CIA director Mike Pompeo defends meeting with Russian spy chiefs

CIA director Mike Pompeo said in a letter that US officials "pull no punches" when sitting down with their Russian counterparts.

WASHINGTON (NYTIMES) - CIA director Mike Pompeo pushed back on Thursday (Feb 1) against suggestions that a visit to the United States by Russian intelligence chiefs had contributed to the Trump administration's delay in imposing fresh sanctions on Moscow, saying in a letter that US officials "pull no punches" when sitting down with their Russian counterparts.

The meetings were focused on how the US and Russia could better cooperate on counterterrorism issues, not sanctions, Pompeo said, noting that previous CIA directors had similar encounters.

"We periodically meet with our Russian intelligence counterparts for the same reason our predecessors did - to keep Americans safe," Pompeo wrote.

The letter was sent to Senator Charles Schumer of New York, the top Senate Democrat, who had said it was suspicious that Russian spy chiefs were allowed to visit Washington and meet with Pompeo days before the administration declined to impose new sanctions on Russian officials and oligarchs over interference in the 2016 election.

The two Russian officials who came to Washington were Alexander Bortnikov, who runs the Federal Security Bureau, the domestic intelligence service that is the successor to the KGB, and Sergey Naryshkin, the chief of the Russian Foreign Intelligence Service, who was placed under sanctions by the US government under President Barack Obama.

The joint visit represented an exceptionally high-level Russian intelligence presence in Washington, and even before Schumer's comments this week, some Democrats were suggesting privately that there was a connection between the visit and the Trump administration's decision on sanctions.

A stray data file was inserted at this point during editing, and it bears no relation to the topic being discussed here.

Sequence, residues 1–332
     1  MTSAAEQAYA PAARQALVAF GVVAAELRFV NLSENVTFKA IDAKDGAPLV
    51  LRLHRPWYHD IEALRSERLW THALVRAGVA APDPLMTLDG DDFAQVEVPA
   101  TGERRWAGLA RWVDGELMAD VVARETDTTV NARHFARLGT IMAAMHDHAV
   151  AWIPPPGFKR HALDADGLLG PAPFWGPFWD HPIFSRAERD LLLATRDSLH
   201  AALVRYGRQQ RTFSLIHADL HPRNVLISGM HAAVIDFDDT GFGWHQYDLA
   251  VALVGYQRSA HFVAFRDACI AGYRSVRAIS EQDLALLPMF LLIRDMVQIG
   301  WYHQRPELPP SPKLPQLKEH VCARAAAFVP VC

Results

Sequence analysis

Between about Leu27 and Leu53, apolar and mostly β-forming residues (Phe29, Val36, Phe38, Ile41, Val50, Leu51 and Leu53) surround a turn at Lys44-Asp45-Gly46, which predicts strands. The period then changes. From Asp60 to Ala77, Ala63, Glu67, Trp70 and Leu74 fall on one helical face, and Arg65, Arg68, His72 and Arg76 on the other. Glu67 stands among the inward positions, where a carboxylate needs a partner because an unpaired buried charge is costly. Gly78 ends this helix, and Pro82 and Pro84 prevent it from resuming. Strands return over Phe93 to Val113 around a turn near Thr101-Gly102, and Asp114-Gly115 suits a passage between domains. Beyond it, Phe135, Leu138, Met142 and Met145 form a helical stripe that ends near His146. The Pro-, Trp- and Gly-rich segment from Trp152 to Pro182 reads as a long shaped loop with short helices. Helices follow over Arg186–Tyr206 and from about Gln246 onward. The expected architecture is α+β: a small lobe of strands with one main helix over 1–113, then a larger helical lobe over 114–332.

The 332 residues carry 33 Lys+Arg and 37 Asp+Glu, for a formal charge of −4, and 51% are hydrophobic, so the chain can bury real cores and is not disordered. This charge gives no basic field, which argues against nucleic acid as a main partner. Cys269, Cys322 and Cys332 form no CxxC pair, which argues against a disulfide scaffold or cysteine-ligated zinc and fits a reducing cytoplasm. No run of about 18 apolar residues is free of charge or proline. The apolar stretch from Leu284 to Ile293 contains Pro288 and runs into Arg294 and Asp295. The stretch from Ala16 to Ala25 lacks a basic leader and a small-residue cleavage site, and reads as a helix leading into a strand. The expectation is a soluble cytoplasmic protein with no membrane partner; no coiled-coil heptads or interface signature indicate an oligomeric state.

Pompeo did not directly address the issue in his letter. But he did insist that neither he nor any other US officials went easy on the Russian spy chiefs in their meetings.

"When those meetings take place, you and the American people should rest assured that we cover very difficult subjects in which American and Russian interests do not align," Pompeo wrote to Schumer.

"Neither side is bashful about raising concerns," he added. "We vigorously defend America in these encounters and pull no punches - we never will."

At the same time, though, Pompeo said, "while Russia remains an adversary, we would put American lives at greater risk if we ignored opportunities to work with the Russian services in the fight against terrorism."

He cited an episode last year in which a tip from US intelligence is said to have thwarted an attack by militants in St. Petersburg. The plot, Pompeo wrote on Thursday, "could have killed Americans" in Russia.

Schumer responded to the letter by pointing out that it did not address his concerns about whether sanctions were discussed with the Russian intelligence officials.

"If this administration is ignoring sanctions, that's very serious," he said.

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